Hope this helps!


        The way forward always starts with a minimal test.

        Maybe Minion might be of use? (disclaimer: never personally used it, just seen it mentioned browsing the Mojo docs)

        The cake is a lie.
        The cake is a lie.
        The cake is a lie.

Re: Pre-Forking Daemon with Parallel::ForkManager
by davido (Cardinal) on Oct 18, 2019 at 18:41 UTC
Re: Pre-Forking Daemon with Parallel::ForkManager
by ikegami (Pope) on Oct 19, 2019 at 13:37 UTC
    my $pm = Parallel::ForkManager->new(NUM_CHILDREN); for (1..NUM_CHILDREN) { $pm->start and next; my $client_sock = $server_sock->accept or die $!; ... $pm->finish; }

    Note: It'll use a new process for each request, but the process will be created as soon as the previous request is complete (even if no requests are pending).

Re: Pre-Forking Daemon with Parallel::ForkManager
by trippledubs (Deacon) on Oct 19, 2019 at 16:45 UTC

    If P::FM doesn't work out, Thread::Queue or IPC::Msg having multiple workers waiting to service a queue might also present an elegant solution, though probably harder to implement correctly.

Re: Pre-Forking Daemon with Parallel::ForkManager
by tybalt89 (Parson) on Oct 19, 2019 at 15:16 UTC

    Do you need/want it to dynamically adjust the number of children depending on how "busy" it is, or is it enough to have a fixed number of children?

      For this application a fixed pool will work well enough.

        Ok, that's the simpler version. I don't know if it can be done with Parallel::ForkManager ( and don't really care ), so here's a version using my own Forking::Amazing. There are some tune-able parameters that can be adjusted for best performance in your situation. It is pretty simple with a good forking package :)

        #!/usr/bin/perl use strict; # https://perlmonks.org/?node_id=11107627 use warnings; use IO::Socket; use Forking::Amazing; my $maxforks = 20; # tune these ... my $clientsperchild = 300; my $port = 6666; my $listen = IO::Socket::INET->new(LocalPort => $port, Listen => 20, Reuse => 1) or die "$@ on listen create"; Forking::Amazing::run $maxforks, sub { print "child $$\n"; process( scalar $listen->accept or return [] ) for 1 .. $clientspe +rchild; return []; }, sub { push @Forking::Amazing::ids, 1 }, (1) x $maxforks; sub process # custom code goe +s in here { my $socket = shift; my $query = <$socket> // return []; # read query print $socket "prefork $$ is answering: $query"; # reply }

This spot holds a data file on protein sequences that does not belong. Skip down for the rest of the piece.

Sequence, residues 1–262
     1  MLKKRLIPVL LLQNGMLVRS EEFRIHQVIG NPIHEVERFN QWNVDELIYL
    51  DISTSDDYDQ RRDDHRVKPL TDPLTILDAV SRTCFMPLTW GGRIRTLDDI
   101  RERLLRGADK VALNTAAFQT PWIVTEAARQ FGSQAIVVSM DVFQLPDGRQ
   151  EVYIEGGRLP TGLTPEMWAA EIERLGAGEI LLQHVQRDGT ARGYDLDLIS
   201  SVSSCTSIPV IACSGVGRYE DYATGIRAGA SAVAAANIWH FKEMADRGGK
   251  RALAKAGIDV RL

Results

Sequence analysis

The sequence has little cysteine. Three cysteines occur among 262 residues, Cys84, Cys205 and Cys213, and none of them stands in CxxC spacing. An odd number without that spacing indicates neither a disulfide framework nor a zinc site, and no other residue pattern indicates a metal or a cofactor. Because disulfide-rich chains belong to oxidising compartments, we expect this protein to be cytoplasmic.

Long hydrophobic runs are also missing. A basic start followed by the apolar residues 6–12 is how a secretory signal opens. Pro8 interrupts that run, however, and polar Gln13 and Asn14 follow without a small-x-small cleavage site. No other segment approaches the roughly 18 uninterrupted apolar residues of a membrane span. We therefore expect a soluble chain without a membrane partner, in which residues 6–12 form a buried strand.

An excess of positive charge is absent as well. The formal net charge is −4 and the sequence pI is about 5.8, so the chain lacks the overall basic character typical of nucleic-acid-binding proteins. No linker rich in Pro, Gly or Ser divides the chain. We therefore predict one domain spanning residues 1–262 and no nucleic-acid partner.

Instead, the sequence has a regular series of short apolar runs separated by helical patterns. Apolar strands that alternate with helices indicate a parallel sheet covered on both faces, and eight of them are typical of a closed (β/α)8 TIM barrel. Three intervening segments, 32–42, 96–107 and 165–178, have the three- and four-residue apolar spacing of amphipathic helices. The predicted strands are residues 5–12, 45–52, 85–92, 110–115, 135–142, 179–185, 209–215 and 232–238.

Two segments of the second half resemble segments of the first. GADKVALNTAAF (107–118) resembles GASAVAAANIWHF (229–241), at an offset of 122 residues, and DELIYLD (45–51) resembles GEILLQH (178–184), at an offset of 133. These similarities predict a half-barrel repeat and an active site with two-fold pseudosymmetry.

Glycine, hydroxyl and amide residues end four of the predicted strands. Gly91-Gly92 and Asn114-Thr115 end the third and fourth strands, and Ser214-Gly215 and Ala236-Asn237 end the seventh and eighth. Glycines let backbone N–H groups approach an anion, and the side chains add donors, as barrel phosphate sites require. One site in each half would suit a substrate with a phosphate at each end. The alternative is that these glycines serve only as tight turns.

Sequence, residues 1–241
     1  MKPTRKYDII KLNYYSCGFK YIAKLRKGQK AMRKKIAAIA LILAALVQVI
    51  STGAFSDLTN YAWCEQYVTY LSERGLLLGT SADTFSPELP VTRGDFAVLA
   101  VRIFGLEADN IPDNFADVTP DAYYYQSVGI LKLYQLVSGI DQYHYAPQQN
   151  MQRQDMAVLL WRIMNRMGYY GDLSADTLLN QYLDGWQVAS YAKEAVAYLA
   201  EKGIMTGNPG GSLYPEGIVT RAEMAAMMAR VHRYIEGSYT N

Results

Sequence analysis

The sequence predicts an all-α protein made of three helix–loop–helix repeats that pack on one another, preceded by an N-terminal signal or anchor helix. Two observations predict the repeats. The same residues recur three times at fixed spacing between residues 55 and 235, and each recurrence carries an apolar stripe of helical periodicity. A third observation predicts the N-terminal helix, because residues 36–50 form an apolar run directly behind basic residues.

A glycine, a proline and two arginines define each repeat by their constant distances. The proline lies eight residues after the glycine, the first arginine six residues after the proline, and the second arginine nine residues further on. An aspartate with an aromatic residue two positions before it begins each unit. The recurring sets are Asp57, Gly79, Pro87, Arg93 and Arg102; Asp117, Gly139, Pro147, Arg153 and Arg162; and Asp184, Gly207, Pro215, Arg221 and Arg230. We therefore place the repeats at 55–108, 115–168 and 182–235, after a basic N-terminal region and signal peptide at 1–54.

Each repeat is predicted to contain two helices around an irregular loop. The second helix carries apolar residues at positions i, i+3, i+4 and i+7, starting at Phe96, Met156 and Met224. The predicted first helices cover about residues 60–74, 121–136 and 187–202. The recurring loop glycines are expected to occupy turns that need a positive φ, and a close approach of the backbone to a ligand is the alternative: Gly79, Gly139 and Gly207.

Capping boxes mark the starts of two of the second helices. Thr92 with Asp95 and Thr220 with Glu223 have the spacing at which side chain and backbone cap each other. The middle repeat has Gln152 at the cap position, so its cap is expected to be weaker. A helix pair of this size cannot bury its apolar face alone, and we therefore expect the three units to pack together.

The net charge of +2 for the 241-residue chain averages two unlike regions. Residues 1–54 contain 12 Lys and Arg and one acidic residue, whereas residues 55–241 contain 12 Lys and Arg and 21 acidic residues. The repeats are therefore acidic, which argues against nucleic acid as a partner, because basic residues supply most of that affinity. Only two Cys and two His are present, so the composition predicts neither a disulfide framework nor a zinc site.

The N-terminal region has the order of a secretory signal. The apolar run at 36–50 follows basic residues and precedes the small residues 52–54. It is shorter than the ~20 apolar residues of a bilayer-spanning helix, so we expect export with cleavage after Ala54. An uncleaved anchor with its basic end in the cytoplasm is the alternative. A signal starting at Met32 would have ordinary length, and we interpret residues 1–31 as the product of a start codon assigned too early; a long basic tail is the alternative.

And here's the program I used to stress test it. I've been running it with 100 forks and 100 transactions per fork for a total of 10,000 transactions.

        #!/usr/bin/perl use strict; use warnings; use IO::Socket; use Forking::Amazing; my $forks = shift // 1; my $sends = shift // 1; my $totalerrors = 0; my $transactions = 0; Forking::Amazing::run $forks, sub { my $errors = 0; my $trans = 0; for ( 1 .. $sends ) { my $s = IO::Socket::INET->new('localhost:6666') or die; my $key = join '', map +('a'..'z')[rand 26], 1 .. 10; print $s "foo|$key\n"; my $answer = join '', <$s>; $answer =~ /$key/ or $errors++; print $answer; close $s; $trans++; } return [ $errors, $trans ]; }, sub { $totalerrors += $_[1][0] // 0; $transactions += $_[1][1] // 0; }, 1 .. $forks; print "total errors: $totalerrors transactions: $transactions\n";

        And here's the Forking::Amazing module

        And if you've read this far, here's a version that does variable numbers of children depending on how busy it gets. This version tests OK, but there my be some corner cases I haven't discovered yet. It also has parameters that will probably need tweaking.